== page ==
Click here to learn more.
The holidays are over, which means it's time to figure out how to dispose of your Christmas tree in an ecologically friendly manner. If you happen to live in the Amherst, Mass., area, you have a particularly cool option: Have it eaten by goats.
Hope Crolius of The Goat Girls, an Amherst-based lawn care service that uses — you guessed it — goats instead of machines, says that when she first got goats, she was surprised to discover their taste for evergreens. "I was so shocked to see these animals enjoying these spiky things," she says. "Then I read up on it and found that conifers are loaded with vitamin C and minerals that the goats crave, especially in winter."
Last year she put out a small advertisement offering to dispose of local Christmas trees, and the next thing she knew she was deluged with trees — and media attention. "I could not believe the response," she says. "For two weeks the phone didn't stop ringing. We had to turn away a couple hundred people."
After making sure the trees were free of forgotten ornaments and stray tinsel, they would be presented to the goats in their pens, where they demolished them. "They denuded it — they eat the needles, the tender tips. And they'll gnaw on the wood — there are tons of nutrients in the layer under the bark," Crolius says. Then the leftover trunks were burned.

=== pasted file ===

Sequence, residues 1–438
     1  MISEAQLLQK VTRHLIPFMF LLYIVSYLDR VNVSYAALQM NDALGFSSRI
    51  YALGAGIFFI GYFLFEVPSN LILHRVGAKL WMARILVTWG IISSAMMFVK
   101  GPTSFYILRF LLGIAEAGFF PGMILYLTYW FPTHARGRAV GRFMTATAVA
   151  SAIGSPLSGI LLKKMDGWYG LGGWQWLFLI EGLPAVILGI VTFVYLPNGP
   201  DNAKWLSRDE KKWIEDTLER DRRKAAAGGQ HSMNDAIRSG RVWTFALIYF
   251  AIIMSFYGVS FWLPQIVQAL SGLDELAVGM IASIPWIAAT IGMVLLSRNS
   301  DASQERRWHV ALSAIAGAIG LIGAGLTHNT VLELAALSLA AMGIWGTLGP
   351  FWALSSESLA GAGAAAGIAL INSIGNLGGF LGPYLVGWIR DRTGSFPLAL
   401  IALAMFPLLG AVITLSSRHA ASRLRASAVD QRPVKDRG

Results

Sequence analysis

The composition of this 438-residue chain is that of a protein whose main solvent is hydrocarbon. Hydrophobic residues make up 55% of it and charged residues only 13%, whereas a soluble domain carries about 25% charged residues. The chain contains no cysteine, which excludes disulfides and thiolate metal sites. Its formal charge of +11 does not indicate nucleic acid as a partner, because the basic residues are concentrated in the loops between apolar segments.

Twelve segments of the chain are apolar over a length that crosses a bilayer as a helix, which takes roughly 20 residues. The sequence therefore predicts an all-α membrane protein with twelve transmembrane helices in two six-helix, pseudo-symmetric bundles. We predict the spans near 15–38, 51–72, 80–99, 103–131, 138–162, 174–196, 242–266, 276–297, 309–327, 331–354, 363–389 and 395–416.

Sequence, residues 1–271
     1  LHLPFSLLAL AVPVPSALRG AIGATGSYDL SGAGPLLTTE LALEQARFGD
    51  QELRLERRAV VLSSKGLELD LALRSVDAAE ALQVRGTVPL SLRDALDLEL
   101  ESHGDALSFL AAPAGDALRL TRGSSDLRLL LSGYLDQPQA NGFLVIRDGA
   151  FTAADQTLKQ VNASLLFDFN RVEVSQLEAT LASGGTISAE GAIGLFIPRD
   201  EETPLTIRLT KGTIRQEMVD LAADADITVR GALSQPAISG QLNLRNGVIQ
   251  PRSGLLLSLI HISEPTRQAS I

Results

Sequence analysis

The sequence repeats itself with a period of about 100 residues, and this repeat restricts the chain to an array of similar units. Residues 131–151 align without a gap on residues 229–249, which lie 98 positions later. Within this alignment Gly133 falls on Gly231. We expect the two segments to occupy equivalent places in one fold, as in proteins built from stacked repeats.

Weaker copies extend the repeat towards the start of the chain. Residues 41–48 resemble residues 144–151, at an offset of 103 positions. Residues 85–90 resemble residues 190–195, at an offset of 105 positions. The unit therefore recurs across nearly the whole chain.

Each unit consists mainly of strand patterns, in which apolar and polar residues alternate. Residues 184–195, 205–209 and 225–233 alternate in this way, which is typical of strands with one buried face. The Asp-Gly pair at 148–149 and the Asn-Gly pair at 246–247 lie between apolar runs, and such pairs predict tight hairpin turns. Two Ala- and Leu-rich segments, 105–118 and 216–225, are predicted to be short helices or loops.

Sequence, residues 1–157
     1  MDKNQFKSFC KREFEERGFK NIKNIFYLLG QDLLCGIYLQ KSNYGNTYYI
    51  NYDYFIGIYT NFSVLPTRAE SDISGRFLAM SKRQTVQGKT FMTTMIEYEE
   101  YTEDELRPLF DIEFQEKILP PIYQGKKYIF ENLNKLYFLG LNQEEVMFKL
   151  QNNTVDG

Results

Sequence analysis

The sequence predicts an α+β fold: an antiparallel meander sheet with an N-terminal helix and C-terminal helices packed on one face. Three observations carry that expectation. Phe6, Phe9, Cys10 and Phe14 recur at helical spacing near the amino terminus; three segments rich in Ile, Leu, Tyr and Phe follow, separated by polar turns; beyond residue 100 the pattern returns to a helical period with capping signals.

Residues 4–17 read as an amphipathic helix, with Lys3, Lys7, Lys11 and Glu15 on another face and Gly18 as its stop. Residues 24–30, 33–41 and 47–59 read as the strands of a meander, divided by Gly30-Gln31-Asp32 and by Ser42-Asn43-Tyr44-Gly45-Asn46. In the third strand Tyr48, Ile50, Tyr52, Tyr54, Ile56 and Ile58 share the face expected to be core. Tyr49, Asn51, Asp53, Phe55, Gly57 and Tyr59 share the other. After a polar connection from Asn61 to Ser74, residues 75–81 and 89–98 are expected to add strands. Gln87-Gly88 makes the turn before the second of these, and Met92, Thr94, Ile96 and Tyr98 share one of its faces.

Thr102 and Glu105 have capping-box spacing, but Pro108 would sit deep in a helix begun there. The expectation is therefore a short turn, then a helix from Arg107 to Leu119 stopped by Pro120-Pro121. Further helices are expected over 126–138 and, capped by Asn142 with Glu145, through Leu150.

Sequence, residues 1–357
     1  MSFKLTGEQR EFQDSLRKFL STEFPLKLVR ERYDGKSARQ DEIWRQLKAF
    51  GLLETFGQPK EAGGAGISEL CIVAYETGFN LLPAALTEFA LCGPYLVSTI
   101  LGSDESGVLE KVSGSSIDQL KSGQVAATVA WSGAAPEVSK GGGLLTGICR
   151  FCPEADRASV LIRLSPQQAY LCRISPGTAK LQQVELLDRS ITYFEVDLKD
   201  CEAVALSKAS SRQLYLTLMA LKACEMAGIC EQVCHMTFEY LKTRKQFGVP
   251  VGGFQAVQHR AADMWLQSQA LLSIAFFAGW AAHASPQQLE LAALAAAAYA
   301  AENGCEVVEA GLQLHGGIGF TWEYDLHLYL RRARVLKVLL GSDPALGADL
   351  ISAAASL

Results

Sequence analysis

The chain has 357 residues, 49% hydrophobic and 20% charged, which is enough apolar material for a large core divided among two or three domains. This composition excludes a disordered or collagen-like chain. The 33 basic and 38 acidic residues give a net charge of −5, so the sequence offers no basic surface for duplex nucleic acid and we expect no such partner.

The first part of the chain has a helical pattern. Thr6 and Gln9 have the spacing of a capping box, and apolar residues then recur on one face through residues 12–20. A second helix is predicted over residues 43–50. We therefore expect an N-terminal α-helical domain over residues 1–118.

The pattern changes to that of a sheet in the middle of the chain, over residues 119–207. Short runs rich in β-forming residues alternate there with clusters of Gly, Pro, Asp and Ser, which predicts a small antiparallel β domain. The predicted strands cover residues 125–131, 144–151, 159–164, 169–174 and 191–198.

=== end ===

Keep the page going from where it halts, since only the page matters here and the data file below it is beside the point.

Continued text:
Christmas is a special occasion, but these goats are experts in getting rid of unwanted vegetation year-round. The Goat Girls is one of a growing number of companies that hire out goats to get rid of unwanted vegetation, including invasive species. While there are lots of critters that eat plants, goats couldn't be more perfectly designed for this particular job.
"Goats are very good at and designed for eating the plants that our business specializes in dealing with," says Brian Knox of Eco-Goats in Maryland. "We specialize in forest edge. Most of it is overrun in invasive species."
Goats are light and agile, so they don't pack down the soil, and they don't like to get wet, so they will graze right up to the edge of a stream. And their droppings are actually good fertilizer. "We call them slow-release pellets," he says.
Like this article? Have a point of view to share? Let us know!
Thank you for subscribing to Petwire. Look for the latest newsletter each Wednesday.
Manatees risk losing their endangered
status — and one organization needs
your help to prevent that from happening.
Hundreds of mourners gathered to pay
their respects to Kye, a police K9 killed in
the line of duty in Oklahoma City.
Jiff landed two Guinness World Records titles: fastest 10 meters on hind legs and fastest 5 meters on front paws.
Dr. Marty Becker shares feline breeds known for their brains and trainability, from the Abyssinian to the Siamese.
Patrick, who's believed to be the oldest wombat in the world, celebrated his big birthday at a wildlife park in…
The 274 experts we surveyed wouldn’t call these dogs lazy, but these pups may have better things to do than learn a…
The friendly and inquisitive LaPerm has an easy-care coat that comes in a variety of colors and patterns.
If the video doesn't start playing momentarily,
please install the latest version of Flash.
Thank you for subscribing.